Prince of Persia: The Sands of Time was released for the Playstation 2/Xbox/Gamecube triumvirate in 2003. It is a reboot of sorts of Jordan Mechner’s classic Arabian stabby-sword-to-skeleton-scrotum Arabian saga of the Eighties. For the uninitiated, then, it’s a tale of athletic to a ludicrous, presumably steroid-infused degree princes, a vast array of increasingly-demented booby traps and the baggiest trousers since MC Hammer’s parachute pants.
Which, incidentally, are uncool now and were so then, whatever he may tell you.
The plot finds an impetuous young prince, eager to appear a worthy warrior to his father (King Sharaman) in his first battle. Their forces are besieging a city as the gallant young man leads an attack on their foe, the Maharaja. The prince would, it transpires, sell his own teeth for a little fame, as he encroaches on the Maharaja’s treasure vaults for a magpie-shiny to impress his father. (He may -may- have planned to brandish it in the king’s face, whilst shrieking, “Daddy, look! A SHINY! Do you love me now? Will you cease the pretense that you have no son?” Or, possibly, “My preciousssss…” Alas, the world shall never know which of these courses of action he intended to take. He elected to purloin the dagger of time, and unleashed a whole crapstorm of doom-tastic doom with extra doom and doom on in the process. Having been fooled into liberating an ancient sandy curse by the chicanery of the treacherous Vizier, our protagonist faces a strenuous journey to break the curse and incarcerate the sands once more.
The sands of time, after all, have the capacity to transform all living things into an abomination known as ‘sand creatures,’ a murderous, mindless entity which is a shade of their former selves. Imagine, prithee, zombies made of sand. That’s true horror, right there.
In deference to the original Prince of Persia, the game constitutes an excess of sword fighting and buttock-stabbing trap avoidance in somewhat equal measure. The prince’s proclivity for physics-defying acrobatics allows him to run up/across walls and other shenanigans that would cause even Spiderman to proclaim, “dude, that’s amazing athleticism! Can I be your friend? Oh, c’monnn, please? I’ve got peanut butter cups.” He will need them all, as the King’s expansive fortress is replete with demented, ghastly obstacles to traverse (where the hell would you find contractors willing to install descending spike ceilings, motion-sensing impaling-devices that protrude from the floor, and other such lethal wonders? Persian builders must’ve been wacky, wacky funsters). There are no levels as such in Sands of Time, the campaign is a continual gamut-running of ludicrous climbing, swinging and combat, where the slightest misjudgment will find you plummeting several hundred feet to a splattery, raspberry jam-esque broken mess on the distant pavement.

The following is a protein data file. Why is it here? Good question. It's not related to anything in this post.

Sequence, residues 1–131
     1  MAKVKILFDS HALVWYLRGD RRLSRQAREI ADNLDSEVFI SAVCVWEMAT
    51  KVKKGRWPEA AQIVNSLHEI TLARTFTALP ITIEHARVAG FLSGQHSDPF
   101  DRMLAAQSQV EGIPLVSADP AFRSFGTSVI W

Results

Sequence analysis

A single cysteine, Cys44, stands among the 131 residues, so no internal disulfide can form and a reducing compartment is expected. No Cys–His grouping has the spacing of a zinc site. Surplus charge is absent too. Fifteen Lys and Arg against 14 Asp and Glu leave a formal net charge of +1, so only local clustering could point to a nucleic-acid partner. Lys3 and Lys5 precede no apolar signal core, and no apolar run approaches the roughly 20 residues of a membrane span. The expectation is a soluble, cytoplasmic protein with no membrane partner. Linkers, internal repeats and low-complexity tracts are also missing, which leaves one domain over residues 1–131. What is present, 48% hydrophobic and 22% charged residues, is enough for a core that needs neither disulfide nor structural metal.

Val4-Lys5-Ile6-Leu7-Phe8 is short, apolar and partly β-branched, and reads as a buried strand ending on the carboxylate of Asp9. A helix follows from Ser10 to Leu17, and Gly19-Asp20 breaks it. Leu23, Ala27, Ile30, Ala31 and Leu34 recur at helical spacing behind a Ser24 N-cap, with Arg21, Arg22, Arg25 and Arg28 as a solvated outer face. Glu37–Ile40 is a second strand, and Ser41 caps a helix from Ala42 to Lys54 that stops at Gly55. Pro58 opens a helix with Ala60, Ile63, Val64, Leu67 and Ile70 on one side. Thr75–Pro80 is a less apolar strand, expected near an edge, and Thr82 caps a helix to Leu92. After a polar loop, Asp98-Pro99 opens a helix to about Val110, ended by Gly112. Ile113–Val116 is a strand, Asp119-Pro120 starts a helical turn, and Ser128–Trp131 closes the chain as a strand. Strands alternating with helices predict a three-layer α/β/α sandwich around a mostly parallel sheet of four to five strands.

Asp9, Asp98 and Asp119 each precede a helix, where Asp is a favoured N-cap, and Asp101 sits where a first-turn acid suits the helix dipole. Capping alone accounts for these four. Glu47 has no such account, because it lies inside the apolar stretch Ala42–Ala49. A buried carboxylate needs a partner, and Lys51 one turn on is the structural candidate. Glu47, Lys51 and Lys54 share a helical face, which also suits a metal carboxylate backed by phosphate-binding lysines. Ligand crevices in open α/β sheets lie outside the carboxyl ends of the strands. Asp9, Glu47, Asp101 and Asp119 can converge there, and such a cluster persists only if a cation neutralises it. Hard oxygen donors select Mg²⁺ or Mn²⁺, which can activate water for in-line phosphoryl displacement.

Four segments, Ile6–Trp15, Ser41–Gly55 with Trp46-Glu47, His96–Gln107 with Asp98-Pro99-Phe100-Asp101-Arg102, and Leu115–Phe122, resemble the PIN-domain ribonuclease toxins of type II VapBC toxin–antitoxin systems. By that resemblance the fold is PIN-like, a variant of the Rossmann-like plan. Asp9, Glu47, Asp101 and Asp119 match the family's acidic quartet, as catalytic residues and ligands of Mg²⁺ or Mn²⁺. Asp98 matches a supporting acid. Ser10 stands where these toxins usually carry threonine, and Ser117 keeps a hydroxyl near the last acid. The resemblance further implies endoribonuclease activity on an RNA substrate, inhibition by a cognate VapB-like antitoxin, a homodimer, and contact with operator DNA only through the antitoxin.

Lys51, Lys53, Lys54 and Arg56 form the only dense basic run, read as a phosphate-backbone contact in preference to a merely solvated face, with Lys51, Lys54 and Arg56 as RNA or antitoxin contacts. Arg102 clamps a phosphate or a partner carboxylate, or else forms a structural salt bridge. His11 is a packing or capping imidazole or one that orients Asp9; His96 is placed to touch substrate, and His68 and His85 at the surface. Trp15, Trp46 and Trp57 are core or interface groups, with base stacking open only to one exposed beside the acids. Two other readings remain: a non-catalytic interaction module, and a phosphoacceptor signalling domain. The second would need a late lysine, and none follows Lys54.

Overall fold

Which sounds egregiously unforgiving, and would be, were it not for the wondrous innovation of Sands of Time: the dagger itself. This innocuous-looking implement allows the bearer to rewind time up to ten seconds, so as to retry that tricky jump or misjudged run. It enables you, also, to stab the crotch of the many nasties you’ll be beset by, but the time thing is rather more interesting. With these mechanics, you can also slow down time for nearby opponents, so as to dispatch them easier.
Prince of Persia: The Sands of Time is a rather fleeting yet wonderful experience. As a salutation to the franchise’s eighties origins, it succeeds with aplomb, while the dagger’s utility both ensures variety in combat and mitigates the I’LL PUNCH YOUR FACE… IN THE FACE game-rage of the more nefarious platforming sections. While the sequels fared rather less well (to wit: received a disparaging middle finger from some critics), this first reboot boasts some of the finest genre level-design in recent gaming, and action/platformer fans would be wise to peruse this title.